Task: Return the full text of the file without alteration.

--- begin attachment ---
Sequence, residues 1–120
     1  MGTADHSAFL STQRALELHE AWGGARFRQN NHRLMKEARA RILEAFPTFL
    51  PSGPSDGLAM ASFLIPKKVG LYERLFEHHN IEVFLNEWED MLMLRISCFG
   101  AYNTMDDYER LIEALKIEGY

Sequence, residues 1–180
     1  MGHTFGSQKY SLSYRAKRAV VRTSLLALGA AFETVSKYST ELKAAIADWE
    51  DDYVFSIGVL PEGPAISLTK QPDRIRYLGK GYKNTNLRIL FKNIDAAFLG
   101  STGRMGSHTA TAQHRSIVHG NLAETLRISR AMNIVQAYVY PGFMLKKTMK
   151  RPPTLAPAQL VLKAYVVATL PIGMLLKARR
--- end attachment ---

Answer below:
Sequence, residues 1–120
     1  MGTADHSAFL STQRALELHE AWGGARFRQN NHRLMKEARA RILEAFPTFL
    51  PSGPSDGLAM ASFLIPKKVG LYERLFEHHN IEVFLNEWED MLMLRISCFG
   101  AYNTMDDYER LIEALKIEGY

Sequence, residues 1–180
     1  MGHTFGSQKY SLSYRAKRAV VRTSLLALGA AFETVSKYST ELKAAIADWE
    51  DDYVFSIGVL PEGPAISLTK QPDRIRYLGK GYKNTNLRIL FKNIDAAFLG
   101  STGRMGSHTA TAQHRSIVHG NLAETLRISR AMNIVQAYVY PGFMLKKTMK
   151  RPPTLAPAQL VLKAYVVATL PIGMLLKARR